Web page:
توسعه مدیریت هزینه در روابط مشتری تامین کننده: مطالعات سه مورد
|کد مقاله||سال انتشار||مقاله انگلیسی||ترجمه فارسی||تعداد کلمات|
|21098||2004||13 صفحه PDF||سفارش دهید||8330 کلمه|
Publisher : Elsevier - Science Direct (الزویر - ساینس دایرکت)
Journal : Journal of Purchasing and Supply Management, Volume 10, Issue 2, March 2004, Pages 65–77
This study describes cost management development projects in three customer–supplier relationships and analyzes these projects from the perspective of relationships. Differences in suppliers’ objectives, actions taken, and results gained in the projects were found in the explorative study, although the customer's objective was the same in all cases. The use of cost information depended on the balance of power between firms, on the trust between personnel, and on the volume of the firms’ mutual business.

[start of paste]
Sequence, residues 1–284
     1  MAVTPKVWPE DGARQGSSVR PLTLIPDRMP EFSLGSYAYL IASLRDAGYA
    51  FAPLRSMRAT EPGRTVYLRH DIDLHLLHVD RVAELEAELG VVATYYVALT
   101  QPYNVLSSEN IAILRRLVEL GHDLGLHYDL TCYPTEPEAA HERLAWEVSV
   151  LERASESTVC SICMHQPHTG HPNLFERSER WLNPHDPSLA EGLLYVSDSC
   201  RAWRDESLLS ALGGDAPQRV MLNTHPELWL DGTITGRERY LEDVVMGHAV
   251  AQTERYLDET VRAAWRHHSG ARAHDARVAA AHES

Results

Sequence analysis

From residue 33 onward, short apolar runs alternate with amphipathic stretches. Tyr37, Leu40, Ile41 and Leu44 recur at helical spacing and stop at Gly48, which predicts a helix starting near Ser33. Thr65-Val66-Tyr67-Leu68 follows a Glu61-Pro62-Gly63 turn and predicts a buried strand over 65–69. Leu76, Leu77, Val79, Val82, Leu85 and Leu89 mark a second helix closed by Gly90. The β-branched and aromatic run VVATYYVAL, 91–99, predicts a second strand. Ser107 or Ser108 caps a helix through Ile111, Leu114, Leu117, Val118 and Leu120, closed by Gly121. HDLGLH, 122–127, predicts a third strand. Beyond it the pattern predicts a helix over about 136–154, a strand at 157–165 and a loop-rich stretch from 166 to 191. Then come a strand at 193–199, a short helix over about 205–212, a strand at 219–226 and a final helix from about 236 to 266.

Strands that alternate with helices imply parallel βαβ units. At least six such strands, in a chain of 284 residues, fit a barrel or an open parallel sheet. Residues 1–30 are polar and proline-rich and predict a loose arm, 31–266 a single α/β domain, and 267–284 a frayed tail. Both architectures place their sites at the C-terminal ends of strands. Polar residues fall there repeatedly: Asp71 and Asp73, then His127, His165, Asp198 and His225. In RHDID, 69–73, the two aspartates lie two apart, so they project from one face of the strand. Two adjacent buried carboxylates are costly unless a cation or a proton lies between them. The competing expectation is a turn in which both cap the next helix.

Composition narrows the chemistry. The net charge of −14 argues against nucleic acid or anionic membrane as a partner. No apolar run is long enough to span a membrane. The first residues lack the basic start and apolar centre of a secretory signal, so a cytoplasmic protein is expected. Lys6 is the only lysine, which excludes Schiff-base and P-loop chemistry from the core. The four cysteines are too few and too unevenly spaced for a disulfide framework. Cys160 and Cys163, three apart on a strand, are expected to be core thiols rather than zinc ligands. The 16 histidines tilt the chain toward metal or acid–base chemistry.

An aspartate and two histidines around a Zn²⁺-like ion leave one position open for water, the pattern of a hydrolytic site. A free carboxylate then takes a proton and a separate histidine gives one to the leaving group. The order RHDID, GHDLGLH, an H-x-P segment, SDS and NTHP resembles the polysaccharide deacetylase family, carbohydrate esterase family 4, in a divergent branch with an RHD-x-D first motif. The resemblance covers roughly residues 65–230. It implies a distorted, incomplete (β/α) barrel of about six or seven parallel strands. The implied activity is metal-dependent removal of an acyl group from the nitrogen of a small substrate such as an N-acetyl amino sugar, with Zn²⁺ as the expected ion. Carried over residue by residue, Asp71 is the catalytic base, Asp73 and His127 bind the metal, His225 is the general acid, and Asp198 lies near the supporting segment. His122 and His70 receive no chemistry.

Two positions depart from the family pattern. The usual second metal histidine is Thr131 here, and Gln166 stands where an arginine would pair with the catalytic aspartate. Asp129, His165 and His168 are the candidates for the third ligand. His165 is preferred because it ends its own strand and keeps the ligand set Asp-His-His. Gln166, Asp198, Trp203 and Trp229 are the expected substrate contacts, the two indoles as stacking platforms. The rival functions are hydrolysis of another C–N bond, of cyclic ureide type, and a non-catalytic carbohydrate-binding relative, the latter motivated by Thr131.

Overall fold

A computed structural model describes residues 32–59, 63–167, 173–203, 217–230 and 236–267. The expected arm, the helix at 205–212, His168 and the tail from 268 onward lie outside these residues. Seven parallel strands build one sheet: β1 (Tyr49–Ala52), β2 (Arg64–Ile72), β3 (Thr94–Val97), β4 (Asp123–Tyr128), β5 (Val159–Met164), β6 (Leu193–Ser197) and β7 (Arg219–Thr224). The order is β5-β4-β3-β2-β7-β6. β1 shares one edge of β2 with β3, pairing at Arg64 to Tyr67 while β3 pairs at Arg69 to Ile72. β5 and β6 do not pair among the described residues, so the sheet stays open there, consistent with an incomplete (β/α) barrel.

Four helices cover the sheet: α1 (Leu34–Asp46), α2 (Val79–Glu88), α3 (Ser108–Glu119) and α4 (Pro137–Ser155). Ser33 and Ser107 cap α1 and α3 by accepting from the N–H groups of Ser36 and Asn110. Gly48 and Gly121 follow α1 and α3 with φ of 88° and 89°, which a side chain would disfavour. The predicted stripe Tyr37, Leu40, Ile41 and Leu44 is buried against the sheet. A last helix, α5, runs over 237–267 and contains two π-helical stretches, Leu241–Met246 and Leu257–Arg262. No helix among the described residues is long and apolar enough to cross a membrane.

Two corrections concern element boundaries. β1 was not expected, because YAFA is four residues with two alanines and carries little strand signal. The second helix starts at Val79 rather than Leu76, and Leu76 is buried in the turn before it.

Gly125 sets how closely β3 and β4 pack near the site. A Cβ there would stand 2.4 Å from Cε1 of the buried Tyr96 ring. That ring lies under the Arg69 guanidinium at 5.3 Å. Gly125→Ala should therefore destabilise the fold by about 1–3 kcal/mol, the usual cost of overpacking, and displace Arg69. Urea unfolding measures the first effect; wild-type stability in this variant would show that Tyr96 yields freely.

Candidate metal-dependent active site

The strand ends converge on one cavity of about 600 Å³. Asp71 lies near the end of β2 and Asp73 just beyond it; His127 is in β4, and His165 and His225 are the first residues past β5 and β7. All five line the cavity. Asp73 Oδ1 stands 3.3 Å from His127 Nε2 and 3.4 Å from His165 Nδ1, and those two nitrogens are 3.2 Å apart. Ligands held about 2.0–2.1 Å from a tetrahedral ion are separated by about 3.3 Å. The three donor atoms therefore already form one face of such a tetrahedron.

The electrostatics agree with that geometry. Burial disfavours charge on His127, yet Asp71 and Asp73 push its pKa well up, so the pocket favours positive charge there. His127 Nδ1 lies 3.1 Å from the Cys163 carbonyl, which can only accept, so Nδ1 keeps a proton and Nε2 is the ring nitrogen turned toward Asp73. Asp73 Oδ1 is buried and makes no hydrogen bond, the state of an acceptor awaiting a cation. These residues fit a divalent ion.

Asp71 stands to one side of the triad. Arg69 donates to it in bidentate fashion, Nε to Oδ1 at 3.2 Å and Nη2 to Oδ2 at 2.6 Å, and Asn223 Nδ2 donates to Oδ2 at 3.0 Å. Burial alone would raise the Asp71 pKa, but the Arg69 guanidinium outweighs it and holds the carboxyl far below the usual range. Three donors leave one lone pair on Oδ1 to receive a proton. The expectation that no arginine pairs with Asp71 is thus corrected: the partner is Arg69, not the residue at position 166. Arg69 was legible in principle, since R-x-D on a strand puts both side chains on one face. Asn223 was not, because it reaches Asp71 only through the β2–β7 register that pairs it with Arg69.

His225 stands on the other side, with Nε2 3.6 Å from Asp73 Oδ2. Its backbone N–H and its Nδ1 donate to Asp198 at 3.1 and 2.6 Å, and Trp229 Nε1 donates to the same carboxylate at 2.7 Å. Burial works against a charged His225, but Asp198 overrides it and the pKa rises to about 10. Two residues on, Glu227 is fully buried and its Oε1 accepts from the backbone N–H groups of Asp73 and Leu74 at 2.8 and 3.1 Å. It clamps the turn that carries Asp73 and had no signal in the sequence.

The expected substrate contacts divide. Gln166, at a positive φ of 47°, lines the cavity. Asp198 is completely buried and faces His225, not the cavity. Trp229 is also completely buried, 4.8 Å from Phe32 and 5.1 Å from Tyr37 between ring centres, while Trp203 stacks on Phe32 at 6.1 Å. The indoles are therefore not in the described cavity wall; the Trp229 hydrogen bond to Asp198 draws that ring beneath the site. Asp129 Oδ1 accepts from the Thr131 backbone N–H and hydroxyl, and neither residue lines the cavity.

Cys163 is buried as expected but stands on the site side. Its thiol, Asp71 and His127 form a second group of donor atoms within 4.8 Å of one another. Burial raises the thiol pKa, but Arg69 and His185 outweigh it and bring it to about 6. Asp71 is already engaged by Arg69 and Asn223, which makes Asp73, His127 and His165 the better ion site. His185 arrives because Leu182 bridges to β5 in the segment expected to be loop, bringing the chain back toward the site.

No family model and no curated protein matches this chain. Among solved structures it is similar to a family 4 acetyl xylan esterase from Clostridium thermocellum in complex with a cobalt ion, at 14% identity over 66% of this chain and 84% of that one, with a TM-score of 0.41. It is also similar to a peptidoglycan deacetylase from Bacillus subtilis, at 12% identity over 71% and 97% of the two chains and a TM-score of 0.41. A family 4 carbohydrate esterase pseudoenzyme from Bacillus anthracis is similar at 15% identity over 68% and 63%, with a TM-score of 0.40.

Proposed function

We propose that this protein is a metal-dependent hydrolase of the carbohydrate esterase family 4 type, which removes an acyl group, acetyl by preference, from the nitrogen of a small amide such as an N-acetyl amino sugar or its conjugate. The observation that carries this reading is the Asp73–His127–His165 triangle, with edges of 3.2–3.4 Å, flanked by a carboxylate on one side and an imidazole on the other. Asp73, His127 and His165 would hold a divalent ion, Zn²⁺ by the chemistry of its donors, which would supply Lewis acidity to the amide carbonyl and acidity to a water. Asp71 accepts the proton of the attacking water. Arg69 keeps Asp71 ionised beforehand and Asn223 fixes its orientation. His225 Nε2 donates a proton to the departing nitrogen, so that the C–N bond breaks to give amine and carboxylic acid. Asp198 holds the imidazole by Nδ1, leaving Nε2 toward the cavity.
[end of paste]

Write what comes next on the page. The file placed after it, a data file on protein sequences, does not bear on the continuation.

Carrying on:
Purchasing literature of the last decade emphasizes analyzing customer–supplier relationships (CSRs) because of their significant role in the success of individual firms (Mohr and Spekman, 1994; Lambert and Cooper, 2000). Interorganizational practices have become important in the manufacturing industry, partly due to the cost pressure caused by decreasing price levels and partly due to firms’ concentration on their core competencies. “[O]rganizational buying is dramatically shifting from the transaction oriented to the relational oriented philosophy, and will shift from a buying process to a supplier relationship process” ( Sheth and Sharma, 1997, p. 91). Because of this shift, much of the past research on buying behavior will become obsolete ( Sheth and Sharma, 1997, p. 92). One of the trends in purchasing research has been the classification of CSRs in order to illustrate the structure of the supply base ( Krapfel et al., 1991; Olsen and Ellram, 1997; Kapoor and Gupta, 1997; Matikainen, 1998; Handfield et al., 2000). Efficient management of the supply base has become a challenge ( Trent and Monczka, 1998, pp. 6–7), in part because the supply base is turning into a tiered network in which the number of direct CSRs per firm decreases ( Hines, 1996; Gumbleton, 1999; Kulmala et al., 2002). From the network perspective arises also critical aspects on the applicability of CSR classifications ( Dubois and Pedersen, 2002). Outsourcing and supply chain development are often motivated by cost, which is one reason why firms have paid attention to efficient management of CSRs (Virolainen, 1998; Matikainen, 1998). Some studies of cost information1 and its use in CSRs exist (Munday (1992a) and Munday (1992b); Anderson et al., 1994; Carr and Ng, 1995; Ellram, 1996; Christopher, 1998; Cooper and Slagmulder (1997) and Cooper & Slagmulder (1999b); Seal et al., 1999; Dekker, 2000; Cokins, 2001; Mouritsen et al., 2001; Tomkins, 2001; Kulmala, 2002). Some of the studies describe and analyze interorganizational cost management (IOCM) practices (see e.g. Cooper & Slagmulder, 1999b; Mouritsen et al., 2001; Kulmala et al., 2002), but lack the analysis of empirical cost management development from the point of view of CSRs. The state of affairs highlights the need for knowledge: “How does the nature of a CSR influence interorganizational cost management development?” The objectives of this study are to describe cost management development projects in three CSRs (the projects increase empirical knowledge of cost management development carried out across the boundaries of a single firm), and to analyze these three projects from the CSR perspective (empirical evidence is provided on differences between the CSRs in which the cost management development projects were conducted). The research method is the case study. Three cost management development projects (CMDPs) in a firm network are analyzed from the CSR point of view.